The forces of exclusion are counting on our exhaustion. They are counting on our discouragement. They are using the tools of domination to make the people numb. I saw a red hat the other day that said “make Orwell fiction again.” Let that sink in. We know something they don’t. This book (holding the Bible) is about love and it’s about using that love to change ourselves and the world we live in.

            So if meanness is the consciousness of our culture, maybe the alternative is love. But what does love look like? That’s the question for today.

            If you look in the 8th chapter of Acts, you find a conversation with two audacious people. Philip and an unnamed Ethiopian.

The thing that we immediately notice about this story is that the main characters are odd-balls when it comes to acceptable religion or acceptable society. Philip was an ecstatic evangelist who is said to have had four prophesying unmarried daughters (Acts 21:9). He was not one of the original 12, but like the recently martyred Stephen, he was one of the first seven appointed by the Apostles to do the works of compassion with which the Apostles were too busy to bother themselves. As today’s scripture opens, Phillip is on a desert road heading away from Jerusalem toward Gaza after having led a successful campaign of preaching to the multitudes in Samaria. He’s about to meet someone who will change his world, and ours too.

The other odd-ball is the unnamed Ethiopian eunuch. Now, it is very important that this man is a foreigner, likely of a different skin color, and a eunuch. These were three reasons that he should not be an obvious choice to become the first gentile convert in Acts. There are strict Jewish laws against marrying an outsider. It speaks of the uncircumcised as the holy unwashed, the ever-present other. Israel had spent a good part of its existence establishing itself and its people as decidedly different than the Goiim, the gentiles, the rest of the world. The man was also a government official, in charge of the Queen’s treasury, obviously tainted by wealth and power. On top of this, he was a eunuch and was not seen as fully male or female. We’d call him him gender—queer. Maybe we wouldn’t even use the pronoun “him.”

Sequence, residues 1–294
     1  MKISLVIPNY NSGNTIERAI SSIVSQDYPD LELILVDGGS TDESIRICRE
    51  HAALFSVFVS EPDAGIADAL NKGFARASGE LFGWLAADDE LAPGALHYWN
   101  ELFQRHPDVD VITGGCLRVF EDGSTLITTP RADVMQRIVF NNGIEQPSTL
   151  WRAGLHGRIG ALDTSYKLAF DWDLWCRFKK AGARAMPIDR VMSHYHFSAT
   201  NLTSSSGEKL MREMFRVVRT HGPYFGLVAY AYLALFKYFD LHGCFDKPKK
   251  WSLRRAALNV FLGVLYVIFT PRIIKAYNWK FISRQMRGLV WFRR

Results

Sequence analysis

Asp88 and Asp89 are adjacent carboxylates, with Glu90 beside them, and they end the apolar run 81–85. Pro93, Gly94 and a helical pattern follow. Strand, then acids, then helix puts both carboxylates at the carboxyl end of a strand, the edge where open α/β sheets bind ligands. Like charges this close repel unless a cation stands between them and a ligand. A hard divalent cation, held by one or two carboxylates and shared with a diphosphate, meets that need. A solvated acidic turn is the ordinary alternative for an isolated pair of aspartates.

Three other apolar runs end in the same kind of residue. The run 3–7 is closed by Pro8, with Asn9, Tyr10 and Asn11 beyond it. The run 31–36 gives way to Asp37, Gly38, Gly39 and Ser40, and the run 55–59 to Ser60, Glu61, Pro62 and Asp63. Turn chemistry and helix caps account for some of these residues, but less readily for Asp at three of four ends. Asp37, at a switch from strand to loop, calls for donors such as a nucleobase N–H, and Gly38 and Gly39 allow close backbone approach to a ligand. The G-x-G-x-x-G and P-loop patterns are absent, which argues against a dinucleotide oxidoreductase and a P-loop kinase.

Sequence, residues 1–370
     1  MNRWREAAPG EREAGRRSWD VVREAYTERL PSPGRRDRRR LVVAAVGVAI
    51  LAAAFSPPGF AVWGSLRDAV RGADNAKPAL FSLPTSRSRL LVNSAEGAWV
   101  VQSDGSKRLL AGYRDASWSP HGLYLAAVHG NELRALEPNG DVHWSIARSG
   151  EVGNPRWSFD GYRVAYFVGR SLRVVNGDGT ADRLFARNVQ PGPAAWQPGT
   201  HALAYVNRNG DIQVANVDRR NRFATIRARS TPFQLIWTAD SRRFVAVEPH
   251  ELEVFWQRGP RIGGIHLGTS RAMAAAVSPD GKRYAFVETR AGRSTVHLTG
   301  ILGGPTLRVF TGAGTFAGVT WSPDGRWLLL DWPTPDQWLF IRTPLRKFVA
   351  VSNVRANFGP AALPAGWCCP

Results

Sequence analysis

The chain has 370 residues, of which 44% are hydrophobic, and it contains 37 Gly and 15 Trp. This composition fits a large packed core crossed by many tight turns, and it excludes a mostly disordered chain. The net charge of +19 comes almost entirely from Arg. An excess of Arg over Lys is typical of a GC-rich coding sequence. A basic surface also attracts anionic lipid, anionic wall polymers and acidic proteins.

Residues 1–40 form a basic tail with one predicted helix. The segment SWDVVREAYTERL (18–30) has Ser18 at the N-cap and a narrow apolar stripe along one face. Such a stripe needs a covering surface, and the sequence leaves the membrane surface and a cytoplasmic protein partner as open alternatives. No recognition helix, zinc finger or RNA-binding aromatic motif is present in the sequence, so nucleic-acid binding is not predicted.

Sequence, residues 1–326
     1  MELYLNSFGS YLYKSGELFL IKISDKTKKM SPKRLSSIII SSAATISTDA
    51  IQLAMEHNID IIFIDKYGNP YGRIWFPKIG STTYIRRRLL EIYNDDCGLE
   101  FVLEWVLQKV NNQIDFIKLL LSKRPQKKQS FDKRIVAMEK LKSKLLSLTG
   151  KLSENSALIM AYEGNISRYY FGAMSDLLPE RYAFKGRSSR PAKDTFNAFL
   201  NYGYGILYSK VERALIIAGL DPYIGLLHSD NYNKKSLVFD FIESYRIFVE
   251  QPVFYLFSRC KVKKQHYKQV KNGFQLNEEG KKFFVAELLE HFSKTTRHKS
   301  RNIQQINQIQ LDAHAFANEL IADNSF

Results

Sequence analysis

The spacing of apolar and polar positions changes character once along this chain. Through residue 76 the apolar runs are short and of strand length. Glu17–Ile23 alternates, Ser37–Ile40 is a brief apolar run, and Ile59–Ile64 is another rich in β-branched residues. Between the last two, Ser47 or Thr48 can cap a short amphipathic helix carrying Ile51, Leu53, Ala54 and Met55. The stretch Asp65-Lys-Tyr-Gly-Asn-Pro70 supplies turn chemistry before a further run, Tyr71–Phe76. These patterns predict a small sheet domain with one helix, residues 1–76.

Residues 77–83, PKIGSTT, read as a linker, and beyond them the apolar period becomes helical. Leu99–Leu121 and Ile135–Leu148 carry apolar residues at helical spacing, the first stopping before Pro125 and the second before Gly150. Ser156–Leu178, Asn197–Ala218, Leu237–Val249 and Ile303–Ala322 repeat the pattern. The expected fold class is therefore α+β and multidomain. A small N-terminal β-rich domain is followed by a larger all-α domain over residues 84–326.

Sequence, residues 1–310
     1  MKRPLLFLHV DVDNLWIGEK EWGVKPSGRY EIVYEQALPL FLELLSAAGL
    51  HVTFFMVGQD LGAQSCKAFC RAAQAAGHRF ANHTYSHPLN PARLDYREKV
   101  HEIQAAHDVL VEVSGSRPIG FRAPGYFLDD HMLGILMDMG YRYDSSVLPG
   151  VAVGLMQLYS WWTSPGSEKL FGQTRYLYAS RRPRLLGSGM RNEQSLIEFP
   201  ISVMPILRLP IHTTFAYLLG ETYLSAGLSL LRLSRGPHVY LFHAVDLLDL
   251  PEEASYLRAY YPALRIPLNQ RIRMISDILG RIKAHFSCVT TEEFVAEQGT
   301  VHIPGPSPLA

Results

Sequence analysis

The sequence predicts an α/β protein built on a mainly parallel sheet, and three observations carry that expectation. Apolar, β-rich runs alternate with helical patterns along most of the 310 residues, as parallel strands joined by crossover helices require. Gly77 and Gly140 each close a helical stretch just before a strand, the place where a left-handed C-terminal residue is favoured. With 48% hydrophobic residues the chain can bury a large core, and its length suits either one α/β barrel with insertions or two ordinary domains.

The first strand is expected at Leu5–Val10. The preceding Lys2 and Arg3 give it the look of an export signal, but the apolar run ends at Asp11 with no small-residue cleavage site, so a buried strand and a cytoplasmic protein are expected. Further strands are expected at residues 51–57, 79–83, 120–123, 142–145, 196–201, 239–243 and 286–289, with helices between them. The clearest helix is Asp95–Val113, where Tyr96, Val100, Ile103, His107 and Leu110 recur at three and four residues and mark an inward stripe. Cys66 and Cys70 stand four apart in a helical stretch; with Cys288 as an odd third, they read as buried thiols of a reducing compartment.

But like Philip the eunuch was also coming from Jerusalem. Even though the eunuch was a well-read religious seeker, he was not allowed into the temple because of his race and because of his unique sexual function. No green card, no asylum, just judgment.

Eunuchs today might be anyone who doesn’t fit into the heterosexual binary majority. Even though many cultures call them Spirit-people, third genders, shamans, they were officially excluded from going up to the mountain in Jerusalem to worship with the others. Not only that, there had recently been a few skirmishes between Rome and the Meroe, whose Queen was often referred to as the Candace. At the hands of religious sexual purists, the military and the cultural elite, he was an outcast. He was in a word, queer.

These two unlikely people met each other on that same deserted highway. I wonder who did the evangelizing in the carriage. Did Philip or did the Ethiopian? I mean, the Ethiopian was clearly the other and it would have been so easy for Philip to pull out a memory verse from childhood and beat him over the head with it, showing how superior he was. But the Ethiopian was the seeker and maybe he came to become a tool of Philip’s conversion.

I imagine the Eunuch asking Philip the question posed by his reading of Isaiah. It’s a scripture about rejection. And I expect that he assumed Philip would give him the old tired answers. Well, we just don’t know what it means. Scholars disagree. It’s a mystery. Just have faith, you’ll understand it better by and by.

            But he asked it anyway, knowing the supposed answer. Is Isaiah talking about me, or is this just another religion that talks a good game? The Ethiopian was asking, am I welcome or not? Why would I, or anyone, worship an unwelcoming God?

            Philip had to answer the question, but could not do so without asking his own questions about his movement. Was it going to be inclusive or exclusive. Was it going to be open to the Gentiles, or was it an all-Jewish club. And not only an all-Jewish club, but a pure club that only the rich and male, and healthy could attend.

The Eunuch heard the news of Jesus and his way. It sounded wonderful, but maybe a little too good to be true. That’s when the Ethiopian evangelized the evangelist. They passed a stream and the Eunuch said to Peter, Here’s some water, what is to prevent me from being baptized?

What’s to prevent me from joining the Way?

What’s to keep me as an outsider?